I am not the guy you want to call out on mobile device history. Only the biggest of fanboys would call Windows Phone 6.5 anything other than a placeholder and lipstick on a pig. It was created as a stop gap measure to give time to finish Windows Phone 7. You can call Windows Phone 7 lipstick on a pig if you want, but it doesn't meet the criteria. It would still have to look like the pig you claim it was trying to cover. Since it doesn't look anything like any previous Windows CE device the analogy fails.
    06-15-2014 07:23 PM
  18. FinancialP's Avatar
    Those are just your opinions so ridiculing others and restating what you have already said is not going to make your point any clearer.

    Newton was Apple's first attempt at a handheld OS in the same way Windows Mobile was Microsoft's first attempt at a handheld OS. Windows Mobile was not created from scratch for a phone. It was adapted from Windows CE devices that tried to add cellular capability. Window Phone 6.5 was lipstick on a pig because nothing was fundamentally changed to accommodate finger input. It was simply a case of adding a few touch improvements over the same outdated core.

    Windows Phone 7 was a complete departure from the previous Windows Phone 6.5 kludge.

    This is not coming from Wikipedia it is from having owned all these devices when they were released. I have also had every iteration of Palm devices until they went to Web OS. You may as well throw Blackberry in the mix too.

    I am not the guy you want to call out on mobile device history. Only the biggest of fanboys would call Windows Phone 6.5 anything other than a placeholder and lipstick on a pig. It was created as a stop gap measure to give time to finish Windows Phone 7. You can call Windows Phone 7 lipstick on a pig if you want, but it doesn't meet the criteria. It would still have to look like the pig you claim it was trying to cover. Since it doesn't look anything like any previous Windows CE device the analogy fails.
    The kernel was the same buddy. Windows Phone 7 was still using Windows Mobile tech. Poor planning as I have already stated.

    We were in a uproar after finding out that our devices wouldn't get the Windows Phone 7 update.

    I haven't ridiculed anyone I can't help it that you took it that way.

    Windows Mobile 6.1-windows phone 7 were the actual place holders.

    Everything is opinions by the way.
    06-15-2014 07:33 PM
  19. spaulagain's Avatar
    The kernel was the same buddy. Windows Phone 7 was still using Windows Mobile tech. Poor planning as I have already stated.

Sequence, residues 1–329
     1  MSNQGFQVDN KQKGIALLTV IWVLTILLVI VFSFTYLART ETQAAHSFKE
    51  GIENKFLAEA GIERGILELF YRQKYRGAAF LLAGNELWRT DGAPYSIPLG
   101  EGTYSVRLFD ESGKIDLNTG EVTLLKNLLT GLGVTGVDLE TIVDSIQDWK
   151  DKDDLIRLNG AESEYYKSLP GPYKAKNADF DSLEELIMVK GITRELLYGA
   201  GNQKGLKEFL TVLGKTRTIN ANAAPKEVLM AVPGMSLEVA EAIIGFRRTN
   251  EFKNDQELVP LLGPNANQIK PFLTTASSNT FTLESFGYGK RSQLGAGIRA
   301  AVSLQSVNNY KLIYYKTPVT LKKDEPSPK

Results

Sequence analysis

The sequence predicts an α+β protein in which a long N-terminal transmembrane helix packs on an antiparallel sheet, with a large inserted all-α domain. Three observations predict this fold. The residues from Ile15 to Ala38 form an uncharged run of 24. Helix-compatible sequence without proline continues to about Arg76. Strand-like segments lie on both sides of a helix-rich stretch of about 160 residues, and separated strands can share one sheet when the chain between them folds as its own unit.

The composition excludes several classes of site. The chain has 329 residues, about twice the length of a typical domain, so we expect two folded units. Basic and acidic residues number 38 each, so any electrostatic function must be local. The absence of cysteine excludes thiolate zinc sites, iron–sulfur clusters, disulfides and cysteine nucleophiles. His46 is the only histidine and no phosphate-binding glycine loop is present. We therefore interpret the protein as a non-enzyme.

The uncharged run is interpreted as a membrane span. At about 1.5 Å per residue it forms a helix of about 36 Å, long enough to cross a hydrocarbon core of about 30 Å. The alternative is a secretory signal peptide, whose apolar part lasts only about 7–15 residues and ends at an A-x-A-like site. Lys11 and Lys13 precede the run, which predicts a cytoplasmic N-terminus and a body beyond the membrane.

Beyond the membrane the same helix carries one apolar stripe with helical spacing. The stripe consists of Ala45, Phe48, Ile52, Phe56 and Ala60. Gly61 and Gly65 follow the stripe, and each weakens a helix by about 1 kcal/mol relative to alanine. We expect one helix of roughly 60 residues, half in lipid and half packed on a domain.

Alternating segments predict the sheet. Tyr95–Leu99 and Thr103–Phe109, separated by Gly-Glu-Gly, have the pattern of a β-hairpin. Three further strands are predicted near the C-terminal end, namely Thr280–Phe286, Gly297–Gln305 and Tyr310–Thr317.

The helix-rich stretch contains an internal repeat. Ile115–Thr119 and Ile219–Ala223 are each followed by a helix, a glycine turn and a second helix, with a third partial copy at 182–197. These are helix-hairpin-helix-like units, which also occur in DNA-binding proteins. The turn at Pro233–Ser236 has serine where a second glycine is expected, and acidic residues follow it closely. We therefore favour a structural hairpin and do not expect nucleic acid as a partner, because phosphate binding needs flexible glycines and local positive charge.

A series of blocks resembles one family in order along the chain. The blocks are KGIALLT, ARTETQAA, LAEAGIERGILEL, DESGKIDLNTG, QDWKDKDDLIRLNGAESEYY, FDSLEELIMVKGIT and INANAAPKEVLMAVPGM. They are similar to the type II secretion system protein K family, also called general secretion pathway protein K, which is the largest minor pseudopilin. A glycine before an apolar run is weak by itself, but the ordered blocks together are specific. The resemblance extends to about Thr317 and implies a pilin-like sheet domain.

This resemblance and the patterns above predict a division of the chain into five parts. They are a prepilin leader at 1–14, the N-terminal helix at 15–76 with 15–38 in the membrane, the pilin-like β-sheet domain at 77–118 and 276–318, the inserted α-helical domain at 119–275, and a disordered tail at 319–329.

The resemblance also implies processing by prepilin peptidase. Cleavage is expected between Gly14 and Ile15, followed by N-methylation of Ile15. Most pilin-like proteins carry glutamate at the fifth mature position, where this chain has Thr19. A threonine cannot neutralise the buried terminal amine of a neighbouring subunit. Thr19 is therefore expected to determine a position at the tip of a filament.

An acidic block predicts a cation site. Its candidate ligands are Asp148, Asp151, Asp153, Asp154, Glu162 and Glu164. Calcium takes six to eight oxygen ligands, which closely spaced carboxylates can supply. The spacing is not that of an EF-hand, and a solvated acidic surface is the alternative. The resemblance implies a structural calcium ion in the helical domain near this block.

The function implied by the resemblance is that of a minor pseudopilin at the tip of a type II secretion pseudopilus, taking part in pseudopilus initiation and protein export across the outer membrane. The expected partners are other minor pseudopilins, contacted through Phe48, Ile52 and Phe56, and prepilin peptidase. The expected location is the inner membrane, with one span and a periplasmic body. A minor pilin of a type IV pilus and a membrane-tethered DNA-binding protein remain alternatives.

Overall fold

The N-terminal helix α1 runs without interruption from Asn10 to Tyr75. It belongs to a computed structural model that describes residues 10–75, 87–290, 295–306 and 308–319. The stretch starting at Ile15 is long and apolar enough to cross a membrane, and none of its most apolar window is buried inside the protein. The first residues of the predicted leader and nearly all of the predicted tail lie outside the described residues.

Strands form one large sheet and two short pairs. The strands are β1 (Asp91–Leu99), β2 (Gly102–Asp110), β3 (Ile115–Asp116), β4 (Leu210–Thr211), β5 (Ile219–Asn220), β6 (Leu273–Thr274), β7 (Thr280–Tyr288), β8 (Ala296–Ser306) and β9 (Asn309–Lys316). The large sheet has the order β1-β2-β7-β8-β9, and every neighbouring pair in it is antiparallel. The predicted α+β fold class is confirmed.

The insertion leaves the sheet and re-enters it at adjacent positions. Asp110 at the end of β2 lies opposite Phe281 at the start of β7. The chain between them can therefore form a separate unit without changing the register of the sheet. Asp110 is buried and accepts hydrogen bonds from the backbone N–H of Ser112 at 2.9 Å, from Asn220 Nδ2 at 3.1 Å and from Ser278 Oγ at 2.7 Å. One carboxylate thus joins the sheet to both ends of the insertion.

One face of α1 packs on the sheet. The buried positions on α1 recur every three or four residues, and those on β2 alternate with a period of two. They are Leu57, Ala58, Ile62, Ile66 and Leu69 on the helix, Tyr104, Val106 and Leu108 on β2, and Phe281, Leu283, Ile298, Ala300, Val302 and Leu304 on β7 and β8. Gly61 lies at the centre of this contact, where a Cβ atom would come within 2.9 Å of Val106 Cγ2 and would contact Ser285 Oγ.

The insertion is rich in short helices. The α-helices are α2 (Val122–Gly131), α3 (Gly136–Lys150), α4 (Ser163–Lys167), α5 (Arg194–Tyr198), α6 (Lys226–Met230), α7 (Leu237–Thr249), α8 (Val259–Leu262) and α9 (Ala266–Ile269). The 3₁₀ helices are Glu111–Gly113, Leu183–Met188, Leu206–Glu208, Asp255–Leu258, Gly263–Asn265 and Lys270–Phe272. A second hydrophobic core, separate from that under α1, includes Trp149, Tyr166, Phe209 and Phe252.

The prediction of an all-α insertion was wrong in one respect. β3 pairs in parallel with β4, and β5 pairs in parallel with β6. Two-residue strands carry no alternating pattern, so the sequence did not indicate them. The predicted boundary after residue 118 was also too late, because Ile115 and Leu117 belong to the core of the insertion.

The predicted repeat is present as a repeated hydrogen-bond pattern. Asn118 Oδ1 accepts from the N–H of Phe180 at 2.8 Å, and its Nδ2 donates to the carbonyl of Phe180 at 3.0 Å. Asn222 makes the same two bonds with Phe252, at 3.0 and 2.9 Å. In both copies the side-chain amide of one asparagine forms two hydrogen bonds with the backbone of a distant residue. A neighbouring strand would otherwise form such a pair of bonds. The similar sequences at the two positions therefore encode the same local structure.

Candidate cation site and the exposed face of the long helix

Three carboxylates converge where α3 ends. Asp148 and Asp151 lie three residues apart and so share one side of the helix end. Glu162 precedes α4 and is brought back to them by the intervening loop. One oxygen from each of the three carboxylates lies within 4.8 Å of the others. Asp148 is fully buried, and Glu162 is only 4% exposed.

We were in a uproar after finding out that our devices wouldn't get the Windows Phone 7 update.

    I haven't ridiculed anyone I can't help it that you took it that way.

    Windows Mobile 6.1-windows phone 7 were the actual place holders.

    Everything is opinions by the way.
    WP7 was on the same kernel because Microsoft's new Windows Kernel hadn't been released yet. Especially not in time for them to build WP7 on it. But if they had waited for the new kernel, they would have lost at least a year, if not 2 I'm getting to the market with a good, touch friendly competitor to iOS and Android. People were already complaining MS was too late to the market, you think they should have delayed it more? There plan was to get something to the market and go from there. While WP7s lack of upgrade path was unfortunate, it was far from the end of the world.

    I'm not sure what your infatuation with Windows Mobile. For the niche market it held, it was a cool OS. But it was never even close to being marketable to the masses like iOS and Android were. So yes, MS dumped it.

    I really don't get the point you're trying to make. From the sounds like you're trying to be a sideline quarterback. MS made the decisions they made for their own reasons. Its easy as a consumer to judge with hindsight, but you don't know the discussions and planning that has gone on at MS. Maybe they knew factors you don't.
    06-16-2014 12:06 AM
  20. spaulagain's Avatar
    All 1-5. People forget Windows Mobile had the market share. HTC and Samsung really blew up with Windows Mobile.

    Ugh no. Microsoft had the market cornered before Apple and Google.
    Dude, you really think Microsoft owned the market with Windows Mobile? I think you're delusional. Sure, they might have owned the pocket PC market share. Which was a very niche market in the cell phone market. Having 100% of 1% is not having the market cornered.

    Apple, followed by Android, brought pocket PCs or "smartphones" to the masses. They essentially converted what was a much larger part of the cell phone market (flip/feature phones) into smartphone users. Therefore, they owned the market earlier.